The EU Commission holds that the intervention of the French state to a phone company does not constitute state aid as it complies with the market economy investor principle (Orange)

Article published on StateAidHub: http://stateaidhub.eu, republished in e-Competitions with the courtesy of the author. The original title of this article appears below the e-Competitions title. Authors are welcome to write an alternative article on this case/text, provided they have no relationships with a party or related third party. Article will need e-Competitions Board approval before publication.

What Does a Private Investor Take into Account before Investing? A private investor may invest in a troubled company that is restructuring is order to increase its future profitability. Introduction The answer to the question posed above is short and simple: everything relevant. A private investor does not ignore anything that can affect the profitability of the prospective investment. This implies that the other side of the coin is that a private investor disregards irrelevant information that does not correspond to the current or future state of the company or project in which it considers to invest. The prospects of companies change and so must the views of potential investors. Information that was relevant yesterday may not be relevant today. This is what EU courts have told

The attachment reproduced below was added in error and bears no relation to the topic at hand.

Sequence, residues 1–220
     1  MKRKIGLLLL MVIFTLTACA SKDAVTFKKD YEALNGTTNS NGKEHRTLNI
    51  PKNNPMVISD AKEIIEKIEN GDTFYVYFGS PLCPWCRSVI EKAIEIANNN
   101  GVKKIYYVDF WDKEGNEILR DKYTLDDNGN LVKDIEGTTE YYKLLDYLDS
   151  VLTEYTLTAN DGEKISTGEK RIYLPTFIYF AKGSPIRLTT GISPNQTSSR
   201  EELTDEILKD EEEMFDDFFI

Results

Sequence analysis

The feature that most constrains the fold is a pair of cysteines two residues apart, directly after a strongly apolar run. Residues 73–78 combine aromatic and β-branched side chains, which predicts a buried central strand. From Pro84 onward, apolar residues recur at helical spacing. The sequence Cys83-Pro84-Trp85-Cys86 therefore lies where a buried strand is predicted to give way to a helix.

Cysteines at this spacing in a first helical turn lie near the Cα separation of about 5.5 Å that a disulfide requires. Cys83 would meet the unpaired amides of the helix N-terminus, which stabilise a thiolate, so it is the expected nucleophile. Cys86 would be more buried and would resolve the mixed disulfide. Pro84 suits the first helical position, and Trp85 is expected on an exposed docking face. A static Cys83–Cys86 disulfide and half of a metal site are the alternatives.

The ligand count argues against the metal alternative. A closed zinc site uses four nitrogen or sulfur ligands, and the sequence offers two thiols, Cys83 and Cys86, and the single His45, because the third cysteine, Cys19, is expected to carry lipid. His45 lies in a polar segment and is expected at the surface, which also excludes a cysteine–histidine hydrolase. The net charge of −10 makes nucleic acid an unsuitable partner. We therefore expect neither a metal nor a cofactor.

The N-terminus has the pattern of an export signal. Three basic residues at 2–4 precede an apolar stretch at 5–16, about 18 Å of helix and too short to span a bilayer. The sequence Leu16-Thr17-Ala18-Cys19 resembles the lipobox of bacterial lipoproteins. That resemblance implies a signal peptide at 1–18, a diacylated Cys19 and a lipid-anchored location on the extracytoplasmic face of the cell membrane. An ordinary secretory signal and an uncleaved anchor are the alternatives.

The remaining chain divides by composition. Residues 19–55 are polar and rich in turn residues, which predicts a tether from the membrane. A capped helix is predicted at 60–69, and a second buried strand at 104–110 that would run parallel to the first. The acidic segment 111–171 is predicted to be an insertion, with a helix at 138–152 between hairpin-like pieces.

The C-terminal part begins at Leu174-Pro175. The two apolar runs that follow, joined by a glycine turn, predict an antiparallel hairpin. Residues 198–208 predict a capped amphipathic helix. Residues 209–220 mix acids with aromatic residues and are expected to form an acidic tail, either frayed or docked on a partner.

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Phedon Nicolaides, The EU Commission holds that the intervention of the French state to a phone company does not constitute state aid as it complies with the market economy investor principle (Orange), 29 October 2018, e-Competitions Bulletin October 2018, Art. N° 89280

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